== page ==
The foundational principle behind the appraisal system is to improve instruction in every classroom. Providing feedback to teachers is essential for growth and improvement. A growth-minded school will provide feedback throughout the year and not just evaluate teachers at the end of the year.
As with instruction of students, professionals can learn and enhance their craft through targeted, supportive feedback. Instructional leaders at your campus will need to document and provide feedback to teachers on how much and how well staff are participating in and working on the targeted literacy initiatives.
Documenting the level of engagement in the literacy initiatives is the first step. Are teachers engaging in professional development, professional learning community meetings, and other events laid out in your data-informed plan (or Action Step Implementation Plan, as described in the Implementation module)? Are they including the targeted practices and routines in their lesson plans and lesson delivery? Your documentation should be directly tied to the specific expectations presented to the staff.
Here your leaders are looking at how much each teacher is participating in the literacy initiatives at the compliance level. Feedback about compliance lets teachers know that administrators have documented their efforts. This can serve both to encourage those who may be struggling and to provide positive feedback to those who have been working to meet the expectations. It can mean a lot to say, “I noticed you incorporated that vocabulary routine we discussed in PLCs last week. Keep at it!”
In addition to this first level of feedback on engagement or participation, teachers also need constructive feedback on the quality of their implementation of literacy initiatives. This might be a post-observation conference about how well they are delivering that vocabulary routine, for example. When classroom visits take place on a regular basis and not just at the end of the year, these feedback conferences can be “formative” assessments, providing teachers with the opportunity to enhance their instructional practice. The appraisal, then, can be considered the “summative” assessment of their performance and can include their efforts and improvements over the course of the year as well as their participation in literacy initiative activities and use of supports as needed.
For feedback to be effective, administrators and other instructional leaders who observe teachers must have a high level of knowledge of the literacy initiatives and the targeted instructional practices that teachers are expected to implement. The best way to achieve this is for all instructional leaders and administrators to engage in professional development and participate in PLCs and other literacy initiative activities along with the staff.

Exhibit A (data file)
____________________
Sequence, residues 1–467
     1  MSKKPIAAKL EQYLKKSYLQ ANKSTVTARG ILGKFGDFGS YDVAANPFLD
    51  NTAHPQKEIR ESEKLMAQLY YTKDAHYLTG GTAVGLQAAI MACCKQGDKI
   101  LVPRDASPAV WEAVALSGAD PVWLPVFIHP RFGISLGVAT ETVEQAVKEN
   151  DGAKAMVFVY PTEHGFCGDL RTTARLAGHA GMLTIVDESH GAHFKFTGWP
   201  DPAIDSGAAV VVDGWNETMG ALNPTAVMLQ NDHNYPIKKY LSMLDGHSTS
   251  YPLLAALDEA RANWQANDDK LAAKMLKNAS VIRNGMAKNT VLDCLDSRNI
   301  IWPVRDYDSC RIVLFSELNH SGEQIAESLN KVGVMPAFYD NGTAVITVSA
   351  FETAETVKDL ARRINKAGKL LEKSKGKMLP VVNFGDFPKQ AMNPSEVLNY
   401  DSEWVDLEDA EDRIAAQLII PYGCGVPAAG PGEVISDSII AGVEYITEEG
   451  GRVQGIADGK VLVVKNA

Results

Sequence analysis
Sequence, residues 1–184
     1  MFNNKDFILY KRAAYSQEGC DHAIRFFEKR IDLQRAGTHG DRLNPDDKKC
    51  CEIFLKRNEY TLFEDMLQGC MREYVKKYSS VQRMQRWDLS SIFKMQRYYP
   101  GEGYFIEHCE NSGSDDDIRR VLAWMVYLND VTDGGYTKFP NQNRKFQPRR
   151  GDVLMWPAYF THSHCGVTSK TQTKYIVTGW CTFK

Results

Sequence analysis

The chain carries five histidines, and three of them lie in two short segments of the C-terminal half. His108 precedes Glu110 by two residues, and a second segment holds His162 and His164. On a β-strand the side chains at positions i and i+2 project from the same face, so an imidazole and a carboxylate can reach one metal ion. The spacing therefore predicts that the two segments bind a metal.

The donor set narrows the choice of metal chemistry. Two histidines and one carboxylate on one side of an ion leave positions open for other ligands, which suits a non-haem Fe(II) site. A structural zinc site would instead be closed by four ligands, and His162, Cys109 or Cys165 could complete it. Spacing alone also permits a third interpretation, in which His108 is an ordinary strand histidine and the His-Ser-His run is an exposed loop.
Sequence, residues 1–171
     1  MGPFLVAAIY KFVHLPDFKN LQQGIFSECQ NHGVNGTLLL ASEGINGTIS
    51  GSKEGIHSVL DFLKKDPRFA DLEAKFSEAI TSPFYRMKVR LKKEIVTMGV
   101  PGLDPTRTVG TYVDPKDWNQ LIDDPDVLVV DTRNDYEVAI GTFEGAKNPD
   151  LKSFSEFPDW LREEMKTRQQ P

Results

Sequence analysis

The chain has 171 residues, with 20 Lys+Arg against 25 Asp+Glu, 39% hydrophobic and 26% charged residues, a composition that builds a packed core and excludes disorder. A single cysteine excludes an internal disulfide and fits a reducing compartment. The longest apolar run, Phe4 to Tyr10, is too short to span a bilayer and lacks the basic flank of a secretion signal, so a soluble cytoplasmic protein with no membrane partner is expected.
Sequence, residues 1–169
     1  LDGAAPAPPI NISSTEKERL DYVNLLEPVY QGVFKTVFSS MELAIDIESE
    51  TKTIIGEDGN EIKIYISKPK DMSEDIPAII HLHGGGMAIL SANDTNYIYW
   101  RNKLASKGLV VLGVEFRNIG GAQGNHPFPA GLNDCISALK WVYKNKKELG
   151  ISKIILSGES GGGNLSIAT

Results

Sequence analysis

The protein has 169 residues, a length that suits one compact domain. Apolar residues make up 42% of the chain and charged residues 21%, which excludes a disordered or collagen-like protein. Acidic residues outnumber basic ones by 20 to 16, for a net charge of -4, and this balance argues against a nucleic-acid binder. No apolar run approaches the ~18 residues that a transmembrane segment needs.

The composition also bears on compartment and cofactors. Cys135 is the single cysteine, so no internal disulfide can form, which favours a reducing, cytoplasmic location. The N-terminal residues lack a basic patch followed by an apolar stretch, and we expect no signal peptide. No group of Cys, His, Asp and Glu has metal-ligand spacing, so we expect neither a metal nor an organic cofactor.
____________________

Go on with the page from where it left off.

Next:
Administrators and instructional leaders need to build trust and supportive relationships among staff and leadership. It is important to remember that the administrator has position power and is tasked with teacher appraisals, while literacy coaches and other teacher leaders are not involved in evaluating teachers. The literacy coach and campus-based leadership team must strive to maintain a supportive role with teachers.
Effective coaches are knowledgeable and experienced lifelong learners who foster and maintain a sense of trust and rapport with teachers. They provide supportive guidance that is confidential and based on professional ethics. From the outset, the campus-based leadership team needs to stress confidentiality between the coach and teacher (Center on Instruction, 2008). The focus on instruction—rather than on judging teachers or students—helps create a collaborative culture in which teachers are supported and are encouraged to try new practices and tools as they help students learn to read and write effectively.
TO LEARN MORE: Some lessons in the Leadership module in this course provide additional information that you and your team may find useful as you consider how to document and communicate with staff about the connection between teacher accountability and the literacy initiatives in your data-informed plan.
See Lesson L4—Instructional leadership and Lesson L5—Coaching for improved literacy instruction for information about providing instructional leadership and establishing a coaching model that incorporates observation and feedback.
NEXT STEPS: Depending on your progress toward full implementation of Action Step R2, you might want to consider the following next steps:
- Communicate to staff what is expected of them in relation to implementing the data-informed plan for improving literacy instruction.
- Set up a system for documenting teachers’ efforts at implementation of literacy initiatives.
- Develop a system for providing feedback.
- Discuss ways to provide staff with feedback and to take the stress and anxiety out of receiving feedback.